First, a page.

What’s it Like in the Eye of a Battle?

This is the time of the year when Atlantic Canada undergoes its annual hurricane watch. No words or pictures can truly convey the impact of these freaks of nature; they must be experienced to be understood. Of all the first hand accounts, the most frightening come from those who experienced the eye of the hurricane, and lived to tell the tale.

The same situation holds true in wartime. What’s it like to be in the midst of a battle? Ask any veteran or civilian who endured the Second World War, or listen to the stories of Canadian peace keepers returned from duty in Bosnia, to mention but one recent conflict.

It is sometimes overlooked that the Tantramar region was, more than once, in the eye of a battle. The last occasion took place during the American Revolution and is usually referred to as the Eddy Rebellion.

But first let’s focus on its impact on those who once lived here. By this time the area was largely resettled by New England Planters, drawn from Massachusetts, Connecticut and Rhode Island. Each of these colonies strongly supported the revolutionary cause.

Following the Declaration of Independence on July 4th 1776 there were many unanswered questions: Should the Tantramar settlers follow the lead of their friends and relatives to the south and take up arms? Would Nova Scotia, which then included present day New Brunswick, be the fourteenth colony to rebel?

Certainly Jonathan Eddy, who served as MLA for Cumberland Township from 1770 to 1775, thought so and did his best to enlist sympathizers to the revolutionary cause. Further, there was concern among the British authorities that uprisings might occur, particularly in areas settled by New Englanders.

When a call went out for the establishment of militia units to cope with such possibilities, one recruiter reported to Governor Francis Legge: As nineteen out of twenty are natives of New England, what dependance or reliance could Your Excellency have on such troops? In the end although the rebellion failed, its repercussions were to be felt for many years. Psychological wounds created by families and neighbors once bitterly divided take time to heal.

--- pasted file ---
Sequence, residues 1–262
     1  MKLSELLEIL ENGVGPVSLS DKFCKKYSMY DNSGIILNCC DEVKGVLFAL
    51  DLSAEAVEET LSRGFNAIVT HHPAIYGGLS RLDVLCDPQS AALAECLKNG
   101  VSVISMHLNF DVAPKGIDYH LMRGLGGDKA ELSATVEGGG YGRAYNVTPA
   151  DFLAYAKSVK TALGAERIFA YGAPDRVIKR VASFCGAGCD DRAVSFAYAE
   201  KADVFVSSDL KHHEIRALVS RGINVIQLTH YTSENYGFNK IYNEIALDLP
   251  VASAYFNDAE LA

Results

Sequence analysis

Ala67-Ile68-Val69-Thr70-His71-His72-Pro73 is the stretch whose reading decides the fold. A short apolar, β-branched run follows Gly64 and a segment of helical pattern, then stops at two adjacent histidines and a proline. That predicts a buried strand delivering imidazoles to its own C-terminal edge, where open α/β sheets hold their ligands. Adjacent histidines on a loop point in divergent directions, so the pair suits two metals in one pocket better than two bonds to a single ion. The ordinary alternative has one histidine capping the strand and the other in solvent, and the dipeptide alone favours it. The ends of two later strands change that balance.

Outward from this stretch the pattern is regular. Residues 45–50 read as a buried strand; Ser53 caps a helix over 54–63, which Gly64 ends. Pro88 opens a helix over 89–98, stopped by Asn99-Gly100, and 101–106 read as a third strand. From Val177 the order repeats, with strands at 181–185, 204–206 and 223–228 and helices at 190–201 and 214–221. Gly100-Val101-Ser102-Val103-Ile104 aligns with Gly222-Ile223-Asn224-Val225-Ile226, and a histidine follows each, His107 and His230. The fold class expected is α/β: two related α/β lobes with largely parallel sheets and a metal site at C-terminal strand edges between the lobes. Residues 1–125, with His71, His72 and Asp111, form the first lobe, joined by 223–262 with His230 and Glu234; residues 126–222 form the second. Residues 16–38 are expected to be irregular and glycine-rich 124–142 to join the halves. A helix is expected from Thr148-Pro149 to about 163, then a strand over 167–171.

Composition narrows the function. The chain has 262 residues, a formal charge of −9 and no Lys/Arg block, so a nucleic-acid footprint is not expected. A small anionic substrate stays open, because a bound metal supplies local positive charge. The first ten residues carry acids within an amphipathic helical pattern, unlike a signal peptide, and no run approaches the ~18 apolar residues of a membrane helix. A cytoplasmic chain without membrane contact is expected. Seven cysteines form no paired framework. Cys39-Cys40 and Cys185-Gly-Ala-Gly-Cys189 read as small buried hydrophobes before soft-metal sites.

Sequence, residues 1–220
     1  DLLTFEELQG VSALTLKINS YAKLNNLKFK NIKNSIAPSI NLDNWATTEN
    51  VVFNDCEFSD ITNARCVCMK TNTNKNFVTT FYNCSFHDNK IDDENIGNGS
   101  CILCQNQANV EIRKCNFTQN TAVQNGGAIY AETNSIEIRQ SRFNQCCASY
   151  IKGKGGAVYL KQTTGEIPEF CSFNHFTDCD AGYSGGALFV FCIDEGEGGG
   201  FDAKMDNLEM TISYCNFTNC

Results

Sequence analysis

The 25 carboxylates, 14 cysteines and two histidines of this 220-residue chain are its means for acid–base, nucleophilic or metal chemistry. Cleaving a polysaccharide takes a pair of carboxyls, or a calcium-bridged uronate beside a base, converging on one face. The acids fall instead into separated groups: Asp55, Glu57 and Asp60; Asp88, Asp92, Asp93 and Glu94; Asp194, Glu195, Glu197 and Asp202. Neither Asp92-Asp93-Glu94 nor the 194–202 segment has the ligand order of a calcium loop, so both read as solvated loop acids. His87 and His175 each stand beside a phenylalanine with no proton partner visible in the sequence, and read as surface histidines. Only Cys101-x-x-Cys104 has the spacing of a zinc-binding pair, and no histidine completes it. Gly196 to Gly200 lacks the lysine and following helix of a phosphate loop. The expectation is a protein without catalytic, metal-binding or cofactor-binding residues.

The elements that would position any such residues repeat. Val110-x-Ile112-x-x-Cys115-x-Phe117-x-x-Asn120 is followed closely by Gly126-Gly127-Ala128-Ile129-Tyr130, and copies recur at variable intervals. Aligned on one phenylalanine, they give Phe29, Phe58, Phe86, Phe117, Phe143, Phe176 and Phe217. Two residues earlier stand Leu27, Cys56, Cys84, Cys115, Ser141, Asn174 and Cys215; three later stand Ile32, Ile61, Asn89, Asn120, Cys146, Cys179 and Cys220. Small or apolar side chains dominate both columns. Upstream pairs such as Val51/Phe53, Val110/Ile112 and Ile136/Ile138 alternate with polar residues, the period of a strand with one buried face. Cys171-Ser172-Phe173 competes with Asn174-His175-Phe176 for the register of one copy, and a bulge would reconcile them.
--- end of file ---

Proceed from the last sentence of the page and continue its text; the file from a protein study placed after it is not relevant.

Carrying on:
What was it like to live on the Tantramar in the midst of the Eddy Rebellion? What immediate effect did the conflict have on daily life in the autumn of 1776? One surviving account fills in some of the detail. Unlike many others, this person and his family did not support the uprising. A teenager in the eye of the battle of 1775-6, he was later to recall his experiences:

In the fall of 1776 some people [Eddy and followers] came among us; raised all the disaffected and disarmed all friends of the government. They forbade us to stir off our farms, burned buildings and threatened many with imprisonment and death. In the night they would fire upon the garrison, [Fort Cumberland previously Fort Beausejour] and the garrison would fire back on them.

It was our usual custom to sit up the whole night at cards and dancing. When we heard the cannon roar, and the discharge of musketry, we would watch the flash of fire from the guns; and as soon as that was over, return again to waste our time in sin and vanity. We could easily see the fort from my father’s house. Death and danger were at our door.

Such were the memories of Reverend William Black of his boyhood on the Isthmus of Chignecto in 1776.